In the 1980s, filmmakers continued to explore, looking for specific subgenres with which to tell their stories. Tony Scott went the art-house route with the slick and pastel-colored The Hunger (1983), while Joel Schumacher's The Lost Boys (1987) and to a lesser degree, Tom Holland's Fright Night (1985), reinvented vampire cool for teenage audiences. That same year Tobe Hooper's Lifeforce (1985) centered around a sexy, naked vampire-like alien from outer space. Later, Ken Russell's bizarre The Lair of the White Worm (1988) - starring Hugh Grant and based on a lesser-known Stoker novel - took off the kid gloves and went all over the place in terms of storytelling, gore and sex. The story involves an ancient cult that worships a giant worm, though "story" has little to do with the appeal of this oddity.
Stupid vampire comedies flourished during the 1980s, including but not limited to: Once Bitten (1985), Transylvania 6-5000 (1985) and Vamp (1986). But Hong Kong filmmaker Ricky Lau made a keeper with, Mr. Vampire (1985), a kung-fu comedy in which the vampires hop instead of walk and can "bite" their victims with their fingernails as well as their teeth. In addition, Lau added to the mythology, by showing us that properly cooked sticky rice can stop them. And Robert Bierman's Vampire's Kiss (1989) is an effective black comedy about a man (Nicolas Cage) who - again - only thinks he's a vampire (or does he?). Cage's outlandish, unbridled performance, which recalls the acting in some of the German Expressionist classics, elevates this film to a minor cult classic.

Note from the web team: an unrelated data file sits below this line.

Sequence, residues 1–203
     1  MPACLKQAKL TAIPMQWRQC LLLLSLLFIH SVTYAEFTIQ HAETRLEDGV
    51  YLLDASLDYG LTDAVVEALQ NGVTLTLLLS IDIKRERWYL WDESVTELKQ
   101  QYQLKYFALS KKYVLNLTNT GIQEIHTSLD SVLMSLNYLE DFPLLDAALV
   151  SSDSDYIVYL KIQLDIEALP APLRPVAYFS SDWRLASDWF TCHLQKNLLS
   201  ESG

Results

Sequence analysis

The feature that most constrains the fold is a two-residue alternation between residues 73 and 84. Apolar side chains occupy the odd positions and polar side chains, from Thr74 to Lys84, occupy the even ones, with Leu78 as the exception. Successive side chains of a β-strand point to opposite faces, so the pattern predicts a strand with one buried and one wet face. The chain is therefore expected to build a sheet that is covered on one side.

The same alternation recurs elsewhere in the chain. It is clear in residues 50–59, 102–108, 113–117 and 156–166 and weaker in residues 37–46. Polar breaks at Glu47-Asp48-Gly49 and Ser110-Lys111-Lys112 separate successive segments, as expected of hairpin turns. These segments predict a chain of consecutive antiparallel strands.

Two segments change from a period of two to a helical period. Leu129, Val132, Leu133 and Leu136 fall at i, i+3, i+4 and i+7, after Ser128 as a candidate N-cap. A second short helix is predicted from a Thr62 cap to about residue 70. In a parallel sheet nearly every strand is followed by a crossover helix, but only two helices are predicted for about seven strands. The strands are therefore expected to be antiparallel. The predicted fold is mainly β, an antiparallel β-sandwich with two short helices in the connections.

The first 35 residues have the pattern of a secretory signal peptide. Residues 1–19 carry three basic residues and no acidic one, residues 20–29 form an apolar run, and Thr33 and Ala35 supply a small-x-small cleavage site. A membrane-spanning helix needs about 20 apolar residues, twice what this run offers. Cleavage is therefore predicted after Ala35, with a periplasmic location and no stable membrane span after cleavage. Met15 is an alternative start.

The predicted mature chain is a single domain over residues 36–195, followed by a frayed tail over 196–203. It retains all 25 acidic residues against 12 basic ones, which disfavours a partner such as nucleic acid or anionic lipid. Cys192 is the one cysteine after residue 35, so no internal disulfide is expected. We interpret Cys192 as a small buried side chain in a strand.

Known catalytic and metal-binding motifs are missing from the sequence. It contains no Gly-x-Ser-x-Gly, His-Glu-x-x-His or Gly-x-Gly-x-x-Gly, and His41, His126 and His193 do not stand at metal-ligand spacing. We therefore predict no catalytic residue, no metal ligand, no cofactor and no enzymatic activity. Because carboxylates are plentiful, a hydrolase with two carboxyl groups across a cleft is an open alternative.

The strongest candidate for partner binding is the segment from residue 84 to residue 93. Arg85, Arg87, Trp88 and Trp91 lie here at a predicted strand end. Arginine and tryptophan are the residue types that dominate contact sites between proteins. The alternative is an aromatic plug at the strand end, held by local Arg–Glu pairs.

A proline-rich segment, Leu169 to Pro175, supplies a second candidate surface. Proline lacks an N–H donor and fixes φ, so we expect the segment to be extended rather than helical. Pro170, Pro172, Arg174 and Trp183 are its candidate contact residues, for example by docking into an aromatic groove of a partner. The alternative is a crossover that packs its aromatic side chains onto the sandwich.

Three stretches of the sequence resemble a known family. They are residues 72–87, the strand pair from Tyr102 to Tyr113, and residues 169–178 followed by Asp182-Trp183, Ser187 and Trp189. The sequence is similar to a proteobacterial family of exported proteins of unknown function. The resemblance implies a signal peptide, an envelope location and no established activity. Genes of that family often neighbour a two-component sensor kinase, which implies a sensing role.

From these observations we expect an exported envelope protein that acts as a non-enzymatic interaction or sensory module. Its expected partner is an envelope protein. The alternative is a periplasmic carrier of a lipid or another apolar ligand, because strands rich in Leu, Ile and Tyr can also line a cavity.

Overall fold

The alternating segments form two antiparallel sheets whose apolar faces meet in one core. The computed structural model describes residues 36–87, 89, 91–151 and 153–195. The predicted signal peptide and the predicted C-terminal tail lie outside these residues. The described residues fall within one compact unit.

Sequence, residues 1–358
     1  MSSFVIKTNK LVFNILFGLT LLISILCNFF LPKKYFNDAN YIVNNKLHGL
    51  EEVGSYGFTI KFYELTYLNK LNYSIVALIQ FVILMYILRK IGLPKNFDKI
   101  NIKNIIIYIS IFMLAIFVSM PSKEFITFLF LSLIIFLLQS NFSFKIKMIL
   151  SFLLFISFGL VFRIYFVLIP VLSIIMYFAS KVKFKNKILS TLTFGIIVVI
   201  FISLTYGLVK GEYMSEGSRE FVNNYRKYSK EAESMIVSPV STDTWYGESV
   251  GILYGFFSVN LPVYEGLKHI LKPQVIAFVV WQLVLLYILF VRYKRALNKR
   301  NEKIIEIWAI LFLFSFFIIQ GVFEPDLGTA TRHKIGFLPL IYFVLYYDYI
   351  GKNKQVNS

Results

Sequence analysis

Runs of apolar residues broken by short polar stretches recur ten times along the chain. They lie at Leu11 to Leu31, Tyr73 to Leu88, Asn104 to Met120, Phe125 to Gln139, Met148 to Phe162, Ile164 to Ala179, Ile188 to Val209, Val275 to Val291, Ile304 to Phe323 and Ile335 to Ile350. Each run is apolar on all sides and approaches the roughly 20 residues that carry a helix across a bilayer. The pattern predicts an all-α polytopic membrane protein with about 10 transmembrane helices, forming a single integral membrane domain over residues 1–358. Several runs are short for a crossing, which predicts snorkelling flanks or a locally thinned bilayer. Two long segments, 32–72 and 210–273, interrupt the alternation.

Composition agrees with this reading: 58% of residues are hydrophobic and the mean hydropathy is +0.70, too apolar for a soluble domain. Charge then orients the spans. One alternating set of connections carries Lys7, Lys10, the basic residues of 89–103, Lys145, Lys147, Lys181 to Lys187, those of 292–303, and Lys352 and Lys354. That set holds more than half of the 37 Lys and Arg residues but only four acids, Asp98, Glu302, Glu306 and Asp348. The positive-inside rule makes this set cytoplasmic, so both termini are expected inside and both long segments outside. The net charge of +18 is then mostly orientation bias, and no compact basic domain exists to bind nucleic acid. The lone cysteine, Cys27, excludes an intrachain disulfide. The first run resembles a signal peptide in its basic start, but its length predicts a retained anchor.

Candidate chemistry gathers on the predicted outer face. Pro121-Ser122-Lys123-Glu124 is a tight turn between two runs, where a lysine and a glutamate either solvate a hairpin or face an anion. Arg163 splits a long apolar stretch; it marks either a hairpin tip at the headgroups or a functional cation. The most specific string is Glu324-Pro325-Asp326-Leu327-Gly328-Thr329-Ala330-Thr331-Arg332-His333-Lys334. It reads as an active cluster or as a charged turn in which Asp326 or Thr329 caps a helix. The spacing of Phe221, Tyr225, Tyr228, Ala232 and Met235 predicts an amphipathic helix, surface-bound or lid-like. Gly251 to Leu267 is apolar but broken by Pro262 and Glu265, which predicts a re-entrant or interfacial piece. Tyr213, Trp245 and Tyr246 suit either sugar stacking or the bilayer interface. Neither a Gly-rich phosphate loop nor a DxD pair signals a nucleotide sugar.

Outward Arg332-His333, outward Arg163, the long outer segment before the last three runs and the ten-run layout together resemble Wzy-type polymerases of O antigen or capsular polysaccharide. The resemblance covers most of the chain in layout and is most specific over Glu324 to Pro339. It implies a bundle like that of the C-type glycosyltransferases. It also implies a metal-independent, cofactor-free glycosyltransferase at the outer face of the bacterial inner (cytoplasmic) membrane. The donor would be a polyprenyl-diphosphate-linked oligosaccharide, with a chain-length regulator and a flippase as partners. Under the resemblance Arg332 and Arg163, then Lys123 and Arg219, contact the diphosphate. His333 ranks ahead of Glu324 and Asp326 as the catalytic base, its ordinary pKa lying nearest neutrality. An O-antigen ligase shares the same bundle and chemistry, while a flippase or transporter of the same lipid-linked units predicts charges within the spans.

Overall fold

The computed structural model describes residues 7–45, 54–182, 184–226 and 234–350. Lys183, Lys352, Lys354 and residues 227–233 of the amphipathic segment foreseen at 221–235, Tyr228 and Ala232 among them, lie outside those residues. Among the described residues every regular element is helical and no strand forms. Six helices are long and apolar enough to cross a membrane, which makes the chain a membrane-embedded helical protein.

By far the best vampire film of the 1980s is Kathryn Bigelow's Near Dark (1987), a neon-lit Western set in the dusty sun-baked flats of cowboy country. Jenny Wright stars as shy, pouty, dewy-eyed Mae, who unwittingly attracts the attention of handsome good ol' boy Caleb (Adrian Pasdar), who subsequently keeps her out past her bedtime. When the sun rises, she bites him in order to save herself, and he winds up joining her band of roving badass bloodsuckers (Lance Henriksen, Bill Paxton and Jenette Goldstein) living out of an aluminum foil-wrapped RV. The movie's unforgettable centerpiece has the vamps attacking a redneck bar for their midnight snack. Like Mark of the Vampire, the ending may upset some purists, but Bigelow's assured, poetic mood and uncommon intelligence make this one a masterpiece.
In the 1990s, the subgenres began to solidify into known formats. We had the comedies, the serious art house fare and the straight-to-video soft-core films as well as the occasional Hollywood treatment and the post-modern, film school approach.
The first category, the vampire comedy, seems to have died out. Mel Brooks attempted Dracula: Dead and Loving It (1995) with Leslie Nielsen in the lead, but it already seemed outdated and out of touch. Wes Craven fared even less well with his Eddie Murphy comedy Vampire in Brooklyn (also 1995).